As I have mentioned before in these blog posts, there are words that I have mispronounced for so many years that the mispronunciation now sounds correct to my ears. One of these is the word piscine—which is not, as made famous in one movie, generally pronounced “Pissing”, but “PIE Seen”.  However, when I first read the word, I accidentally placed the accent on the second syllable: “Pie SEEN”. To this day, that is how I read the word.  It rarely comes up in conversation, so I don’t generally have to worry about mispronouncing it in public.  But then, anything would be better than pronouncing the word as “pissing”.

But another word, topiary, is a pronunciation Waterloo for me.  Again, since I first read the word rather than heard it in conversation, I mispronounced it, reading it as “Tow PIE Uh Ree”.  When I heard the word pronounced correctly for the first time, TOW Pee Airy”, though, I thought to myself, “Well, that just sounds stupid.”  And I have embarrassingly mispronounced it, and been corrected, in conversation a few times.  Still, reading the word topiary, I hold on to my personal pronunciation.  It just sounds right to me.

Another stumbling block for me is the word plebian.  Perhaps due to my childhood lessons in sounding out unfamiliar words, it appeared to me that this word should be pronounced “PLEE Bee An”, not “PLIH Bee An”.  Fortunately, it is one word which I can usually speak correctly, even if in my own head I hear it differently.

But there are words which I intentionally mispronounce, such as the name of the planet Uranus.  In the English language, there is simply no good pronunciation for this the name of this poor, benighted planet. It either comes out sounding like “Your Anus” or “Urine Us”, both equally awful.  So I pronounce it “You RAN Us”.  It is quite wrong—and much more pleasing to the ear.  Correctness be damned.  And while I’m on the subject of words for outer space, I have found no fewer than five different pronunciations listed on-line for the name Betelgeuse.  So, once again, despite the popular movie pronunciation, Beetle Juice, I absolutely refuse to pronounce the word that way!  It’s atrocious.  Instead, I lean toward the pronunciation, “Beh Tell Jezh.”  Far more pleasing.

Other words can rattle me simply because of growing up using local pronunciations, such as the ignorant Hoosier tendency to call the popular breakfast food an “Aig” rather than an “Ehg.” It took me years to train myself out of that slip of the tongue. Coupon will always catch me out, though.  It will forever be to me a “KEW Pon”, not a “KOO Pon.”

But the mispronunciations of some words are so common that the correct pronunciation sounds strange to most ears; witness, the word which, as I sat in Mrs. Dryer’s third grade classroom, set me up for this lifetime of persnickety pronunciation habits: mischievous.  MISS Cheh Vus, not Miss CHEE Vi Us!  The word is so commonly mispronounced that I have been called out on a few occasions when using the correct pronunciation, and (in great irritation, I might add), debated the question with my would-be tutors.  Which begs the question: If a mispronunciation is that common, is it, in fact, simply a separate way of saying the word?  Language, after all, is fluid; it ebbs and flows and changes.  New words are added; others fall out of use.  The word gif did not exist throughout most of my lifetime, and, despite the intentions of its creator, I will always pronounce it with a hard “g”, as gif, not the peanut-buttery jif.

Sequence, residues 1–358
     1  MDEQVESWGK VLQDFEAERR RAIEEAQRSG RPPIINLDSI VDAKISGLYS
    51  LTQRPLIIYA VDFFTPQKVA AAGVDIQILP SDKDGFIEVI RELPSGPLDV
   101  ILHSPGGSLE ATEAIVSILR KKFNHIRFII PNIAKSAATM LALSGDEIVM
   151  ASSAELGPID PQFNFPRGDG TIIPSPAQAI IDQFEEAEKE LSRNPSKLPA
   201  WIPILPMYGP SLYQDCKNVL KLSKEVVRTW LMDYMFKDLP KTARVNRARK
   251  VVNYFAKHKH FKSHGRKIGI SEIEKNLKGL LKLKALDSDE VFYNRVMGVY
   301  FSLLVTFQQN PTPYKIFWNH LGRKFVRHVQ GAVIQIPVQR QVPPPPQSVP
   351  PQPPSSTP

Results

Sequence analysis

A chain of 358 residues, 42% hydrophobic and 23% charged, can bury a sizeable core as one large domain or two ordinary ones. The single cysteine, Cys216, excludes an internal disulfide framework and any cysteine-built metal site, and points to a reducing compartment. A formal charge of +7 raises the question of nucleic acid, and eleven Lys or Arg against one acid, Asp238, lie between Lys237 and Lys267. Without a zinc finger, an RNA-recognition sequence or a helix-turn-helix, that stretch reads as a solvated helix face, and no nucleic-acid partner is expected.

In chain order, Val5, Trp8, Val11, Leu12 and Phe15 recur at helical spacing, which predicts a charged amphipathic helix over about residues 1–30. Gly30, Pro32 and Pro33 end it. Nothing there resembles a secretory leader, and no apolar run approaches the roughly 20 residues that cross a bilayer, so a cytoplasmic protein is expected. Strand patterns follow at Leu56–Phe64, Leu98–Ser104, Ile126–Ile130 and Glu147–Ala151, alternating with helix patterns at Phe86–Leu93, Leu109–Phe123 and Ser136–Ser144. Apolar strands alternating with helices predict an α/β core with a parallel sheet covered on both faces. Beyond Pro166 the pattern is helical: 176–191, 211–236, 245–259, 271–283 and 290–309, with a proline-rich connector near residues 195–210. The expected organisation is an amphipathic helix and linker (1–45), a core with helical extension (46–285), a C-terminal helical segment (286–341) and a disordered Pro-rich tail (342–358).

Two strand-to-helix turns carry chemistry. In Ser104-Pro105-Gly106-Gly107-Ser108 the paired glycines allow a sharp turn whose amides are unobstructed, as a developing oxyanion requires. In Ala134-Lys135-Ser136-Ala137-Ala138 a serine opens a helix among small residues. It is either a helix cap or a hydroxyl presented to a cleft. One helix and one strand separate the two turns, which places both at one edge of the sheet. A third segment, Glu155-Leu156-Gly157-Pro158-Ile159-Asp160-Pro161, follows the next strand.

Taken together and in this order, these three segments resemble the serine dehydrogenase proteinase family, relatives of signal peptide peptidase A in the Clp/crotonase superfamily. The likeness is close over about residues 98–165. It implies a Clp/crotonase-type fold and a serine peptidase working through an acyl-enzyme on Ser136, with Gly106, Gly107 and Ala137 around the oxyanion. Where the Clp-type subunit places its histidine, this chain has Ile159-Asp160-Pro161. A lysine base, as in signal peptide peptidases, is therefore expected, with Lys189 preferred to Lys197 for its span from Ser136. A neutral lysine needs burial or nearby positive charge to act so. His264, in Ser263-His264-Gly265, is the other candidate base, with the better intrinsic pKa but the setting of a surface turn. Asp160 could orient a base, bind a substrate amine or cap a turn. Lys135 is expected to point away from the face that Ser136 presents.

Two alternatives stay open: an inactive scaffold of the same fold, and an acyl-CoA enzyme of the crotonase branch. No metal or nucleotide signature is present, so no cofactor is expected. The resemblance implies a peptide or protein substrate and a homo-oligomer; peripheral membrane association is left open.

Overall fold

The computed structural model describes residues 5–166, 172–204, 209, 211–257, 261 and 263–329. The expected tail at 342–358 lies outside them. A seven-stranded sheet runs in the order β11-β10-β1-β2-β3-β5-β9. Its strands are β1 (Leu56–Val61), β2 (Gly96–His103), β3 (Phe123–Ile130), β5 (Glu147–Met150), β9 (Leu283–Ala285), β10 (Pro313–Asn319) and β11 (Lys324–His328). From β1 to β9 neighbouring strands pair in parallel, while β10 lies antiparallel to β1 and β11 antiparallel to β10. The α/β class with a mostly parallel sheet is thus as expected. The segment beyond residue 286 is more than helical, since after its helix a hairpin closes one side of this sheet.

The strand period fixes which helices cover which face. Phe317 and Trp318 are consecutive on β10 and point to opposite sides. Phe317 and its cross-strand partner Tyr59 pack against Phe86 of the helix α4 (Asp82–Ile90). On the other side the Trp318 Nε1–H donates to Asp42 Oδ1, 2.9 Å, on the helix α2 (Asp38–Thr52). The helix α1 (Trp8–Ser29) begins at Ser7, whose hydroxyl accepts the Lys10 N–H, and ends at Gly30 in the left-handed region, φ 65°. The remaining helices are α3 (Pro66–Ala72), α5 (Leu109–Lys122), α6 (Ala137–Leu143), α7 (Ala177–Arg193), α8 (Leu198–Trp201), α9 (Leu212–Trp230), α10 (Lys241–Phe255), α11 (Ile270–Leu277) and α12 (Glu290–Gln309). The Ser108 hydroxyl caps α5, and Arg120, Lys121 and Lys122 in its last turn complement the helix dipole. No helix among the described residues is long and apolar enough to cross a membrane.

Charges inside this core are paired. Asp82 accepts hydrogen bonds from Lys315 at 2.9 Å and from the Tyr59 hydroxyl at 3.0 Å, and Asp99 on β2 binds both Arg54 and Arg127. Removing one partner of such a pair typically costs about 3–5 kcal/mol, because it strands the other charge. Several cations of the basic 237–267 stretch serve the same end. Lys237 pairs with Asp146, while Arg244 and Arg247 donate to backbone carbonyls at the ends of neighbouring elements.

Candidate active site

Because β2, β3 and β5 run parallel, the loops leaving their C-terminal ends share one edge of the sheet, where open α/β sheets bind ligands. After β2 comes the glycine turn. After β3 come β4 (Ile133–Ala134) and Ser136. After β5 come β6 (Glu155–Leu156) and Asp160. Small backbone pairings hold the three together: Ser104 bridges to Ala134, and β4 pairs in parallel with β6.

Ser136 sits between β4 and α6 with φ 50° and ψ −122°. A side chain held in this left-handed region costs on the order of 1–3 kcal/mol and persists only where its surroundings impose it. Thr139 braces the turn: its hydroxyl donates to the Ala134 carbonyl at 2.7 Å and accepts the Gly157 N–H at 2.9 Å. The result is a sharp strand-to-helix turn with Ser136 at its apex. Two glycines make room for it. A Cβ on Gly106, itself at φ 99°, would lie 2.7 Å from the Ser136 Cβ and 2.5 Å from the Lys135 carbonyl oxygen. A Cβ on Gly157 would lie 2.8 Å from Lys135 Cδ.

Which brings to mind a TV documentary that I once watched far back in the 1970s. The computer era not yet having arrived, countries such as Iceland experienced both isolation and individuality.  The show’s narrator was extolling the fact that Icelandic people still spoke the language, unchanged, of their distant forebears, the Viking people.  As the narrator spoke, the video ran, displaying an Icelandic TV news announcer, reading the latest stories to his listeners in their ancient tongue.

This sent me into gales laughter. Exactly what, I wondered, was the ancient Viking word for “television”?!

The simple truth is that none of us who have either been raised speaking or who have later acquired the English language speak the language as it once existed—the English of Chaucer’s day. Within a world of instant communication, language is changing even faster than it did in the hundreds of years that divide us from notable writers such as Shakespeare.  Some of those changes in both pronunciation and usage will be sensible.  The language we read and speak will continue to evolve.

But I absolutely, positively, totally refuse to bend even an inch on the pronunciation of mischievous!